Olympus has Fallen

Posted: April 19, 2013 in Film reviews

Directed by Antoine Fuqua. Starring Gerard Butler, Aaron Eckhart, and Morgan Freeman

It’s hard to believe that prior to the late 1980s there was no such genre as Die Hard on a…’insert building/form of transport here’. Although Die Hard wasn’t the first film about someone fighting back against a hostile takeover (take the 1977 adaptation of Alistair MacLean’s Golden Rendezvous for example) it quickly created a shorthand all of its own, prompting numerous follow ups such as Under Siege (Die Hard on a boat) and Passenger 57 (Die Hard on a plane)
A lesser known trope is the President in Peril, Americans love to see their Commander in Chief in trouble, see; Escape from New York, Independence Day and, of course, Airforce One (which is also Die Hard on a plane, again). Now Antoine Fuqua, director of the fantastic Training Day, gives us Die Hard in the White House.

Mike Banning (Butler) is a member of the Presidential Security Detail and also, oddly, the President’s sparring partner. During a snow storm near Camp David at the start of the film he makes a judgement call that, whilst probably right, sees him removed from the security detail and transferred to a desk job in the Treasury.

Flash forward 18 months and, at a time of heightened tension in Korea (spooky eh) President Asher (Eckhart) receives a delegation from South Korea. Unfortunately not all of them are what they seem, and when a spectre gunship launches an attack on the White House the President and his guests are ushered into the safety of an underground bunker, which becomes less that safe when and Kang (Rick Yune) is reveals he’s not a South Korean diplomat after all, he’s a North Korean (although handily not officially sanctioned) terrorist.

With the President a hostage and the White House overrun with terrorists, it’s up to Banning (luckily working next door so he avoids being massacred) to sneak in and…and well do the whole Bruce Willis thang.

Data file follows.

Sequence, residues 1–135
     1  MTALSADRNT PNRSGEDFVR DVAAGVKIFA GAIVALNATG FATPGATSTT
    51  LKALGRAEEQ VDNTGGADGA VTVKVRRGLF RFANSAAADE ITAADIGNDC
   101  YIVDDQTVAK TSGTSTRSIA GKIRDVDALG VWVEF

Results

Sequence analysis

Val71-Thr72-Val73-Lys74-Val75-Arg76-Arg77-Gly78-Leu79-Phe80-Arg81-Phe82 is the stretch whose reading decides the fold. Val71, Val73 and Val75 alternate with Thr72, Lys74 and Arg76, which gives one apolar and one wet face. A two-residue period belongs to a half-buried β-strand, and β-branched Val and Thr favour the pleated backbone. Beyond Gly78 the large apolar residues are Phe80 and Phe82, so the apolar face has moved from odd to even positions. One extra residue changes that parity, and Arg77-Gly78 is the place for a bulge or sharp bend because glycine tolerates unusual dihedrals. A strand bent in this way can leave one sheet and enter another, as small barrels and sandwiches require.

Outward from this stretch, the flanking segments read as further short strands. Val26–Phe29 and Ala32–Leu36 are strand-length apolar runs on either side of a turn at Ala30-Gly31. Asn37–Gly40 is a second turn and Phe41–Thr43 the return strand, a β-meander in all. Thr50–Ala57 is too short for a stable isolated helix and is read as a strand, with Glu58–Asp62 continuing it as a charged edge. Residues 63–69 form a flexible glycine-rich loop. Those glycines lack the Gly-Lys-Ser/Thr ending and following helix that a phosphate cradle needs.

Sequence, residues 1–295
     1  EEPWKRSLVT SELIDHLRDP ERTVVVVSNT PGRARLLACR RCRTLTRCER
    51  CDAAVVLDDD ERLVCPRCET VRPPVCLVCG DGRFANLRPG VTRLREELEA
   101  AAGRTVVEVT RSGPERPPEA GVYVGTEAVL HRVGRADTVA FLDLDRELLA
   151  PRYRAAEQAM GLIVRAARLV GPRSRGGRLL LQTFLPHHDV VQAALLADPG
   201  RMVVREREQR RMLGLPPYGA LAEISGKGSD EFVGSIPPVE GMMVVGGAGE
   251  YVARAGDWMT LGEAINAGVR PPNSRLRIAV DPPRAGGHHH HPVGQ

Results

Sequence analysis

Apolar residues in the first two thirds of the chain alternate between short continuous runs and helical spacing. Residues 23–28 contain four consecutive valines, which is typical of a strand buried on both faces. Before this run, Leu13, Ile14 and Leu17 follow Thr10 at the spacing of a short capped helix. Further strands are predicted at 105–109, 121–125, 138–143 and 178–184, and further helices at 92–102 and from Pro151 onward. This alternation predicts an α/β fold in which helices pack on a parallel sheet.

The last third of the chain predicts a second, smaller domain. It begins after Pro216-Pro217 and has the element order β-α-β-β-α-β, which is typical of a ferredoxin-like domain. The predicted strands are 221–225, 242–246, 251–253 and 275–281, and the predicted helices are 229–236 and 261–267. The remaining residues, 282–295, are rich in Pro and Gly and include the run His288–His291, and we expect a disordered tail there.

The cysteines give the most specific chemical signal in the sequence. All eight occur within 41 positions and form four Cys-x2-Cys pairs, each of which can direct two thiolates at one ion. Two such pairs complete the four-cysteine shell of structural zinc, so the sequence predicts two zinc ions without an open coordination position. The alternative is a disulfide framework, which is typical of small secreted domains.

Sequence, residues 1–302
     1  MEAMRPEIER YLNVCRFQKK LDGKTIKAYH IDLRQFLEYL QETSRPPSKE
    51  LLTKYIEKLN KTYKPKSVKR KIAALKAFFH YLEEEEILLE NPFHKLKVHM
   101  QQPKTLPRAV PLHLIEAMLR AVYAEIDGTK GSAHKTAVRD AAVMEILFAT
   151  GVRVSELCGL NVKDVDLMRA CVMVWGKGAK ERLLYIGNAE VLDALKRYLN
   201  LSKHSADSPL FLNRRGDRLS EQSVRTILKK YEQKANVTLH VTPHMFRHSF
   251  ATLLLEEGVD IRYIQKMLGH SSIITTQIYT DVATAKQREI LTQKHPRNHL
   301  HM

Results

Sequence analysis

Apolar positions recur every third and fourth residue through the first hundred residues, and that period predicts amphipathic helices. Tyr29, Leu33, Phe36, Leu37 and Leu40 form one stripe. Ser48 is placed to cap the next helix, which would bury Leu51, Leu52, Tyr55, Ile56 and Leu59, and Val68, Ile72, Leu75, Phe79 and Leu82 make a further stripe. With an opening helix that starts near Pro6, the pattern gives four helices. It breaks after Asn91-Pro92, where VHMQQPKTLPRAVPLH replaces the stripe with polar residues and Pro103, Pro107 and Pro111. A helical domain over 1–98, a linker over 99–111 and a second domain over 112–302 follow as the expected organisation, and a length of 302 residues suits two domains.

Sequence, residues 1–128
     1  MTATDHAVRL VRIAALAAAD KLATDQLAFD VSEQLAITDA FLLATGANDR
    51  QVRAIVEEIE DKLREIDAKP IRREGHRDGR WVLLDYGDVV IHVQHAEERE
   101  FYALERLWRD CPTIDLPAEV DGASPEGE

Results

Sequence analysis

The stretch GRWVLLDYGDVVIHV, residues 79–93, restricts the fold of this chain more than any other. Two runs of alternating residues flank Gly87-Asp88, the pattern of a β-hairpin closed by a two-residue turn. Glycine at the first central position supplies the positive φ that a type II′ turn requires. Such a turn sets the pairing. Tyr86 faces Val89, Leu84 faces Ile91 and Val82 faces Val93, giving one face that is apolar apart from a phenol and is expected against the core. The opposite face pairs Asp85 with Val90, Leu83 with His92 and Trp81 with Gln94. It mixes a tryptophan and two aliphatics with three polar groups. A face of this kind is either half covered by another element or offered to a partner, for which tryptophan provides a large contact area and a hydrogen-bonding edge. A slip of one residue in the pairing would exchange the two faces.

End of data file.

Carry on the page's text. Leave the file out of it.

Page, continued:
Where to start… I heard an interview with Butler a few weeks ago where he made it clear that they’d been very careful to tone down the flag waving, and for this not to be overly jingoistic. All I can say is, if they toned it down what was it like before! From the Stars and Stripes being riddled with bullet holes to Old Glory being tossed off the roof in sickeningly cgi’d slow motion, this is a film that wears its patriotism on its sleeve. Actually that’s not strictly true. This is a film that punches you in the face with its patriotism…then probably stabs you through the brain with it.

Tonally the film never seems quite sure where it stands. On the one hand its brutal violence and harsh language makes for a refreshing change after the watered down A Good Day to Die Hard, but any impact is diluted by the utterly preposterousness of its plot. That the White House could be seized is silly enough (relying on everyone and their uncle being incompetent fools, from fighter pilots to highly trained presidential security personnel) but this is compounded by the revelation of Kang’s true agenda, compromising the Cerebus system, an idea so daft it belongs in a Bond pastiche.